Anyway, back to Monrovia. The Chinese were still working on the roads in town so one shouldn't expect too much of those out in the country as we found out when traveling to Buchanan and Ganta - taking those potholes at such a speed certainly shook one's bones about
. It was something to see the rubber plantations with the white liquid still being collected in the age-old manner. But it was sad not to see much in the way of native forest - either slashed and burned for local habitation and farming or one was looking at old, neglected rubber plantations with the scars of indigenous tapping for the sap to sell to Firestone or the local county agent. An absence of vegetable sellers along the road (markets in the towns only) and no interesting/exotic birds seem to tell some stories of the hardships - but the breaking of rocks by hand to sell to local mining groups or construction companies seems to be a sign of poverty in this and other countries.
It was interesting to be in a country with Phase II and III security alerts still in place and news of armed groups roaming the cities and countryside. Still, the residents made the most of it although the entertainment left a lot to be desired of an evening. No wonder that DSTV was advertising - and all those other companies which were absent from the billboards of Sierra Leone; UN business that will disappear with the UN when the Banglashi, Pakistani, Ghananian, Indian (women) and other troops and support personnel leave.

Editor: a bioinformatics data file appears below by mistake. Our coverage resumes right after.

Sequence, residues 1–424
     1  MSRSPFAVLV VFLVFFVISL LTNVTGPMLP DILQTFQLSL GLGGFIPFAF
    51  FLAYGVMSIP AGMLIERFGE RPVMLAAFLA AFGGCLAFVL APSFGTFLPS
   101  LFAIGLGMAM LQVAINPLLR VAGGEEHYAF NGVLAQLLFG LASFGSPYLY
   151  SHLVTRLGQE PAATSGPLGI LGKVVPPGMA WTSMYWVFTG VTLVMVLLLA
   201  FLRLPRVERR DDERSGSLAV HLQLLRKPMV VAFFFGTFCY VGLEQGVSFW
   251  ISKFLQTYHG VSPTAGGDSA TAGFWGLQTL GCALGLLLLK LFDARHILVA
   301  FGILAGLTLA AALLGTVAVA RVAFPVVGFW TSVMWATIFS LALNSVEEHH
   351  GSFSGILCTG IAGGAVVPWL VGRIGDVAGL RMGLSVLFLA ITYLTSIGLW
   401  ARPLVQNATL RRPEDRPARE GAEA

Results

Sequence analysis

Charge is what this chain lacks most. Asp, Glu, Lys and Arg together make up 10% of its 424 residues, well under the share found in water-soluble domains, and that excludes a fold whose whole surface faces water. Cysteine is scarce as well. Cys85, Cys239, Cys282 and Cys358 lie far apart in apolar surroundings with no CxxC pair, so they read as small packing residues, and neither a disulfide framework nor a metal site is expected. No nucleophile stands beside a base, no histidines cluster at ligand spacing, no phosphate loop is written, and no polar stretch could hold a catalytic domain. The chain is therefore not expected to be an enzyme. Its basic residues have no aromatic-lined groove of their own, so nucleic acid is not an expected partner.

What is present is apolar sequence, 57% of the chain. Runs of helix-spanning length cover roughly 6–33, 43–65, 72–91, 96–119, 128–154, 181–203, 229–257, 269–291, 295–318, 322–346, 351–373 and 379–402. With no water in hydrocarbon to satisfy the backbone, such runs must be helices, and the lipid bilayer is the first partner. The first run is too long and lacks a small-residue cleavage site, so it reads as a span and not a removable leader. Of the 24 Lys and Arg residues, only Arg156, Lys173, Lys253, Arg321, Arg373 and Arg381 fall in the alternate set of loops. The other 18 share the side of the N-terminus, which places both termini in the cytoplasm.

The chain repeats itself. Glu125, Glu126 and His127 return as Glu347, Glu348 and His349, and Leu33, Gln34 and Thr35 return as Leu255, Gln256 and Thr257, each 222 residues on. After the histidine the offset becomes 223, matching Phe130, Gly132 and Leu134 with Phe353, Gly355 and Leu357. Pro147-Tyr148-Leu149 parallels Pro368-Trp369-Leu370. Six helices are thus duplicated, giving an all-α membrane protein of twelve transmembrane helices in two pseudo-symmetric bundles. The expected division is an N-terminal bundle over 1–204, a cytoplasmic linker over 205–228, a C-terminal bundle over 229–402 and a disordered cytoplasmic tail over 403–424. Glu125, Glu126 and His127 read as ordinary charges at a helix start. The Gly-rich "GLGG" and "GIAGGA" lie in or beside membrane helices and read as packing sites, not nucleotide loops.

In Liberia for work of course - could there be any other reason? Well, there are good beaches and not too many tourists... It was quite something seeing the UN in action trying to rebuild a 'failed state' but it must do something to the psyche to see all those signs saying "This school rehabilitated by UNDP", "This hall built by Church X", "This police station renovated by EU", etc. Why do all these donors have the need to stamp their names on things? Isn't the deed enough, especially when it's your job (as in the case of the UN). It's like in the Philippines where bus shelters and markethalls bear the name of the mayor who funded them as if the citizens should be grateful that s/he did what he was supposed to do.